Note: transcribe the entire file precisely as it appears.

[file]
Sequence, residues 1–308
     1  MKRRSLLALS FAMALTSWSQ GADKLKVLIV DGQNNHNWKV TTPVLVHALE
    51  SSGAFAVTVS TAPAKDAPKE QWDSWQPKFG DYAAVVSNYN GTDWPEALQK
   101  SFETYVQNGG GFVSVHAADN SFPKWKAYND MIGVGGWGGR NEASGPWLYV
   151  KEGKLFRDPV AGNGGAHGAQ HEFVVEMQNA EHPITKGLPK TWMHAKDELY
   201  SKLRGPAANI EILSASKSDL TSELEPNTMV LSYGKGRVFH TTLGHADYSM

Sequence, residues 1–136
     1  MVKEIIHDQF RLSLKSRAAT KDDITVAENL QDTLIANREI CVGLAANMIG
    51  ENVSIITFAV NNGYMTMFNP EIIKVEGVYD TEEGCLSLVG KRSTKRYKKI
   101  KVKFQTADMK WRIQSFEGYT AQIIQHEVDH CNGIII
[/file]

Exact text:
Sequence, residues 1–308
     1  MKRRSLLALS FAMALTSWSQ GADKLKVLIV DGQNNHNWKV TTPVLVHALE
    51  SSGAFAVTVS TAPAKDAPKE QWDSWQPKFG DYAAVVSNYN GTDWPEALQK
   101  SFETYVQNGG GFVSVHAADN SFPKWKAYND MIGVGGWGGR NEASGPWLYV
   151  KEGKLFRDPV AGNGGAHGAQ HEFVVEMQNA EHPITKGLPK TWMHAKDELY
   201  SKLRGPAANI EILSASKSDL TSELEPNTMV LSYGKGRVFH TTLGHADYSM

Sequence, residues 1–136
     1  MVKEIIHDQF RLSLKSRAAT KDDITVAENL QDTLIANREI CVGLAANMIG
    51  ENVSIITFAV NNGYMTMFNP EIIKVEGVYD TEEGCLSLVG KRSTKRYKKI
   101  KVKFQTADMK WRIQSFEGYT AQIIQHEVDH CNGIII